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Results: 1 - 15 of 355
View Jean-Denis Garon Profile
BQ (QC)
Thank you, Mr. Chair.
Mr. Pitchers, Mr. McMillan and Mr. Amnotte, I thank you for being here.
Mr. Chair, I would like to take two seconds to salute the Mirabel airport firefighters, who have been through some very difficult times recently. I want them to know that we are with them, that I support them and that we love them very much.
The work of a firefighter involves many professional risks. Some of them are foreseeable. However, sometimes the irreparable can happen. The Memorial Grant Program for First Responders already in place provides, among other things, compensation to the families of deceased firefighters.
I will get straight to the heart of the bill. The Bloc Québécois has tabled an amendment to the bill that would give the federal government the opportunity to review its allocation criteria so that it could have a harmonized list of recognized cancers. It could then pay out compensation without having to wait for decisions to be made in the various provinces. This could facilitate and accelerate the payment of these compensations. Families would go through fewer administrative procedures and paperwork, and there would be greater respect for provincial and Quebec jurisdictions. Can you tell me off the top of your head what you think of such an amendment?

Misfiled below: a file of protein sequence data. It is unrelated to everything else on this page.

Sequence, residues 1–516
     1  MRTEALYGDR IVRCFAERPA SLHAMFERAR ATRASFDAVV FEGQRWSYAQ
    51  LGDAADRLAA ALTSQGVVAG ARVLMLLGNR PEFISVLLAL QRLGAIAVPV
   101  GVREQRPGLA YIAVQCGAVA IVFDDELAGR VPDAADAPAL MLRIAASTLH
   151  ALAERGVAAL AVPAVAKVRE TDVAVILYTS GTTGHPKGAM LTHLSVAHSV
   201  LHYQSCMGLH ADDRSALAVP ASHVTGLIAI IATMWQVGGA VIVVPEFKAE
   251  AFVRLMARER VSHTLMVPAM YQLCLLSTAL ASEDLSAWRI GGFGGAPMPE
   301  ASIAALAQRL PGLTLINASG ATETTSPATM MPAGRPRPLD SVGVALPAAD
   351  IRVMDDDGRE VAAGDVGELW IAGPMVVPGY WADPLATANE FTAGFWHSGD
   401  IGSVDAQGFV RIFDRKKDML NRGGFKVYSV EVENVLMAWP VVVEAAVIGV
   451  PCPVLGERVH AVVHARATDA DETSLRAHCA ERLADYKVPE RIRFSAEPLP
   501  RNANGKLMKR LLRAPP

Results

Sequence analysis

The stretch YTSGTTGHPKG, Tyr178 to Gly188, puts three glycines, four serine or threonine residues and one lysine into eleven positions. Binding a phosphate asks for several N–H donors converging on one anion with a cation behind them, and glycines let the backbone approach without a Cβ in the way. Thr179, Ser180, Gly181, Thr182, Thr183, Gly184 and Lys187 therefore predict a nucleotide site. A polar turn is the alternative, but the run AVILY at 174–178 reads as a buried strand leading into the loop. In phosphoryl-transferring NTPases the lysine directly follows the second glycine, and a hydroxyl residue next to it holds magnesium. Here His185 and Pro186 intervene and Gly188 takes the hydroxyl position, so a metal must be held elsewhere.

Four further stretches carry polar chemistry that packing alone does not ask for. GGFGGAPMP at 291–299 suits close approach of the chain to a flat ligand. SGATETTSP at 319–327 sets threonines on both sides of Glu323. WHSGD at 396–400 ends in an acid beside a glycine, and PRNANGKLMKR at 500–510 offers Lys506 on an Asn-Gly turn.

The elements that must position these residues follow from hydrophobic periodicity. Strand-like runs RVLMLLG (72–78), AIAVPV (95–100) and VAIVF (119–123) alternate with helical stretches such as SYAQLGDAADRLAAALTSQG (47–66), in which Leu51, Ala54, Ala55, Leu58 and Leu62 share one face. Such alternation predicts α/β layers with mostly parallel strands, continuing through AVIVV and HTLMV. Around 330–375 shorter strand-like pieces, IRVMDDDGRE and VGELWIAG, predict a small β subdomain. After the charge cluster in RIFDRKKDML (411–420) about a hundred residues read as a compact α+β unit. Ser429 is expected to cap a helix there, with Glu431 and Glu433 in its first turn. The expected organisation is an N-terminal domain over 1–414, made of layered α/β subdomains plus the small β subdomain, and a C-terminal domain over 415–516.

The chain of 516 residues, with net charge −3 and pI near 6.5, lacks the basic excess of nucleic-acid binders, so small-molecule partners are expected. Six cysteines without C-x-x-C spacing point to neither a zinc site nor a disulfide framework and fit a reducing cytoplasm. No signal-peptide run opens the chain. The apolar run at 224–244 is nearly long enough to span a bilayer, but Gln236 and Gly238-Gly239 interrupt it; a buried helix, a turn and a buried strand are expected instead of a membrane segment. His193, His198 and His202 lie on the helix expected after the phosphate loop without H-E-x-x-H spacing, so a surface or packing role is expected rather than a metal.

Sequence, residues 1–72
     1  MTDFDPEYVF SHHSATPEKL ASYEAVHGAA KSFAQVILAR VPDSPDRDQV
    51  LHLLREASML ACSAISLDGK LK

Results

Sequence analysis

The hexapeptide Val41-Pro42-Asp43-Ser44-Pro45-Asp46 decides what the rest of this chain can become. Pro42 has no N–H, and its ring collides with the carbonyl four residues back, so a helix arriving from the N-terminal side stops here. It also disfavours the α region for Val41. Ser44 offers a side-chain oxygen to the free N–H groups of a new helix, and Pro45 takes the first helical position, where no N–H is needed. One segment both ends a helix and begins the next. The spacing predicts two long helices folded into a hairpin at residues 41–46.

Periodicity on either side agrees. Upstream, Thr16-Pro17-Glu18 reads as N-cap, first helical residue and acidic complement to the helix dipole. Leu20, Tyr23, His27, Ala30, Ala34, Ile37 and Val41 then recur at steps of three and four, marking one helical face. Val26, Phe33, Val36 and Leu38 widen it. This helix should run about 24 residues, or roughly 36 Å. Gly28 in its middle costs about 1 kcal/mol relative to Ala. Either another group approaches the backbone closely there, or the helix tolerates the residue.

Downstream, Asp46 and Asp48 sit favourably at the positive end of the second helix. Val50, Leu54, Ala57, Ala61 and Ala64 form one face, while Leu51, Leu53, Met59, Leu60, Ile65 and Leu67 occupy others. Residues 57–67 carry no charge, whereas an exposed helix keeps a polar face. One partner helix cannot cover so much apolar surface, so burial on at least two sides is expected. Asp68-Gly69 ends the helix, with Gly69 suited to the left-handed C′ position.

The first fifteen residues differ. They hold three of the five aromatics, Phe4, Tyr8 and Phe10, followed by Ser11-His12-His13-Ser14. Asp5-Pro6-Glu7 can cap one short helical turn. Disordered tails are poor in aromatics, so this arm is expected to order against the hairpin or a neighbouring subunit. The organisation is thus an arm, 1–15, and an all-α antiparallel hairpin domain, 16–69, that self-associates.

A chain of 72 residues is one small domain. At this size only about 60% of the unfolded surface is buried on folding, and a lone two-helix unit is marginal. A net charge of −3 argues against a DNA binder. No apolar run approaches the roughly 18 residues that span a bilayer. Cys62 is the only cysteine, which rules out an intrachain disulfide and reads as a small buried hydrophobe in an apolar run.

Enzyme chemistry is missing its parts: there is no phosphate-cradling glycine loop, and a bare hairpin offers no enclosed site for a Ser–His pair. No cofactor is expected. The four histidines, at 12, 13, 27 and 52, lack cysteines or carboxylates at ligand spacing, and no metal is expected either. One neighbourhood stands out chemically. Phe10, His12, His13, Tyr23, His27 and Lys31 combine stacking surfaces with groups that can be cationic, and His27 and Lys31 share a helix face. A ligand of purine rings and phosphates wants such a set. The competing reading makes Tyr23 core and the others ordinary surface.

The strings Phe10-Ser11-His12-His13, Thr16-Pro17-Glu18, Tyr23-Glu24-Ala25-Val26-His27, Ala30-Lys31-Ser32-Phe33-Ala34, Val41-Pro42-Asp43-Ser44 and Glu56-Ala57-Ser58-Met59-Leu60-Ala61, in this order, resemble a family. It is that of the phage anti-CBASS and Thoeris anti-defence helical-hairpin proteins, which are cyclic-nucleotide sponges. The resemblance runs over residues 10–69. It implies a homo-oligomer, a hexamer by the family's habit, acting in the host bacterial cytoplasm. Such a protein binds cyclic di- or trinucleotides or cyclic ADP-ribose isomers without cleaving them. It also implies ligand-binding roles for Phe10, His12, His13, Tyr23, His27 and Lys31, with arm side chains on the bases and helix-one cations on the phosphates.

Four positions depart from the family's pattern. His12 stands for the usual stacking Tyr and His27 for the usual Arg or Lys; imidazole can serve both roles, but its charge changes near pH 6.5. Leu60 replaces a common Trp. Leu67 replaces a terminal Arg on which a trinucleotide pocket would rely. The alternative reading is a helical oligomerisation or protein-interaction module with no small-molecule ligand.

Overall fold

View Jean-Denis Garon Profile
BQ (QC)
I find this part of the bill very important. It would enable Ottawa to pay compensation based on its own criteria, without having to wait for the provinces, if a firefighter dies in the line of duty. That could be part of the solution.
View Jean-Denis Garon Profile
BQ (QC)
That point is not currently in the bill, but I would like to inform you that it is the subject of amendment BQ‑5 proposed by the Bloc Québécois, which will be discussed during the second hour today. That is why I wanted to know your opinion, as we are in the process of deliberating and reflecting on this. That is essentially why you are here.
It's also about the provinces and the regulatory authorities sharing information on prevention, recognition, and so on. I've talked to the Commission des normes, de l'équité, de la santé et de la sécurité au travail. In addition, there appears to be a coordinated, structured and frequent exchange of information at the Association of Workers' Compensation Boards of Canada.
Do you have any information about the conversations that take place in this association? Is the firefighters' issue dealt with on a routine basis? Have you heard anything about that?
View Jean-Denis Garon Profile
BQ (QC)
Okay.
On October 6, 2021, the Act to modernize the occupational health and safety regime came into force in Quebec, and schedule 1 of the act was repealed and replaced by the Regulation respecting occupational diseases. The latter gives the Commission des normes, de l'équité, de la santé et de la sécurité au travail the new power to amend the regulation in accordance with the evolution of science and scientific advice.
Montreal firefighters have recognized this as a step forward in the process leading to the recognition of work-related injuries. What is your view on this legislative change in Quebec?
View Jean-Denis Garon Profile
BQ (QC)
I understand.
From what I understand—I may be wrong, but I'm doing my best—there are prevention measures that can be put in place. It may be showers or rooms with a separate ventilation system in the barracks, for example. There are important infrastructure issues in the municipalities. Funding is difficult to obtain.